Victoza for People with Type 1 Diabetes? (continued)
My CGM tracings have also improved markedly. They are not perfectly flat, but they are much flatter than they were and now they zig-zag more within the zone, not outside it! If I eat Chinese food or pizza, my blood sugar numbers will still go sky high (we haven't cured diabetes, after all), but it's far more likely I pick up my CGM these days and see 80, 90, 119 mg/dl. What is amazing is how many fewer highs I have — and this has made me realize how many highs I was overtreating and then going far too low, overtreating, etc. The numbers look good — the time spent high (over 180) has gone down 70% and my time in zone has increased 20 percentage points to over 70% (on my CGM, my time in zone is between 80 and 180 mg/dl). And, I've lost nearly ten pounds! I did get my A1C checked when I began Victoza and it was 7.1% — not as low as I'd like, but I really feel Victoza has had an effect and I feel certain (and will update this column!) the next score will be lower. I'll have my A1C checked again at the three-month mark, but I can already tell from my CGM that because I'm "in zone" so much more that I'm doing much better. Another piece of good news is that my hypoglycemia in the day has been reduced (since I'm not chasing so many highs down); I also think the average hypoglycemia rates will drop in the early morning hours once we refine the best basal rate (we're still dropping them).
The biggest bonus may be something that no one can quantify: I feel better and am somehow less tired. My wonderful husband said to me a couple of weeks after going this GLP-1, "You're so much nicer on Victoza!" Wow. What more could anyone want.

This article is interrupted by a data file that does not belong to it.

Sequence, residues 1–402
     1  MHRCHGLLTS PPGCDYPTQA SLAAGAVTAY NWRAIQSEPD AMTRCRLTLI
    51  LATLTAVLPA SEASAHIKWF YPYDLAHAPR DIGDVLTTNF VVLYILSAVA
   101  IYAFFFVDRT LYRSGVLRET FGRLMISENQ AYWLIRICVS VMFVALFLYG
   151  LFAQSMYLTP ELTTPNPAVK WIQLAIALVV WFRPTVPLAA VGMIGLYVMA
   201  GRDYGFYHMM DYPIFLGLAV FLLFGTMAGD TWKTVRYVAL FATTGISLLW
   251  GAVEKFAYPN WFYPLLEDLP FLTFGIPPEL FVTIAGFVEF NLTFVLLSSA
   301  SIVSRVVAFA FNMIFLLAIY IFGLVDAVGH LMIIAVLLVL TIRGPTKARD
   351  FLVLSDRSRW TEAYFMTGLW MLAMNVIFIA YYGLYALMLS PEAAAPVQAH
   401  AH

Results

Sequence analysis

Oh. One other very important thing. Victoza is expensive, so I'm lucky that my insurance did actually approve it. (I got my first two pens as samples from my doctor.) My co-pay isn't insignificant at $50, but this would be over $300/month without insurance, so I'm very happy about the cost, whether or not it is a mistake. (Victoza isn't approved for type 1 so I'm surprised that my insurance did approve it, since insurance typically does not cover therapies for off-label uses — I'm hoping this lasts but nut necessarily expecting it to.)
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When the Dexcom monitor flashed a warning that it was time to order a new transmitter, I figured I’d at least have a couple of weeks before it went kaput. So we numbed the back of Charlie’s arm for about 40 minutes, slapped the sensor on him and waited two hours for the warm-up period. And waited. And … waited. Unlike the signal spottiness we experienced occasionally when we were using the Medtronic CGM, the Dexcom...